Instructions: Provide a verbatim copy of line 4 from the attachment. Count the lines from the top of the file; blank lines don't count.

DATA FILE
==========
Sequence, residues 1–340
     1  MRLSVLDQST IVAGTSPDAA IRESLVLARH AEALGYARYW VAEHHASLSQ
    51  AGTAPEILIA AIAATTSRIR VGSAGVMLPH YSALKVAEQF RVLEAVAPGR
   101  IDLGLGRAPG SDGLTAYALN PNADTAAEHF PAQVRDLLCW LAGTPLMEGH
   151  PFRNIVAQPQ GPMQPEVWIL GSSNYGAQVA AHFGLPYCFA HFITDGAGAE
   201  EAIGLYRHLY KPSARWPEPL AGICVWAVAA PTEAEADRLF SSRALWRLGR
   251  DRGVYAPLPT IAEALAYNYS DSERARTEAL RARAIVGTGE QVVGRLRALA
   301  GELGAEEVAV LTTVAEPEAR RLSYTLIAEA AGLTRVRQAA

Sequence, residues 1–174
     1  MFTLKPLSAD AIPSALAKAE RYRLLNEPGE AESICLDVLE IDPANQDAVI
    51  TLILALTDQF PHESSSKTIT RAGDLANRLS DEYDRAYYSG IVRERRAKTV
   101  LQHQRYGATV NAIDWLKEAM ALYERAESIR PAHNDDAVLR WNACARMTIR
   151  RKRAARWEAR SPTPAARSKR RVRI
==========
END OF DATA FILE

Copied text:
   101  IDLGLGRAPG SDGLTAYALN PNADTAAEHF PAQVRDLLCW LAGTPLMEGH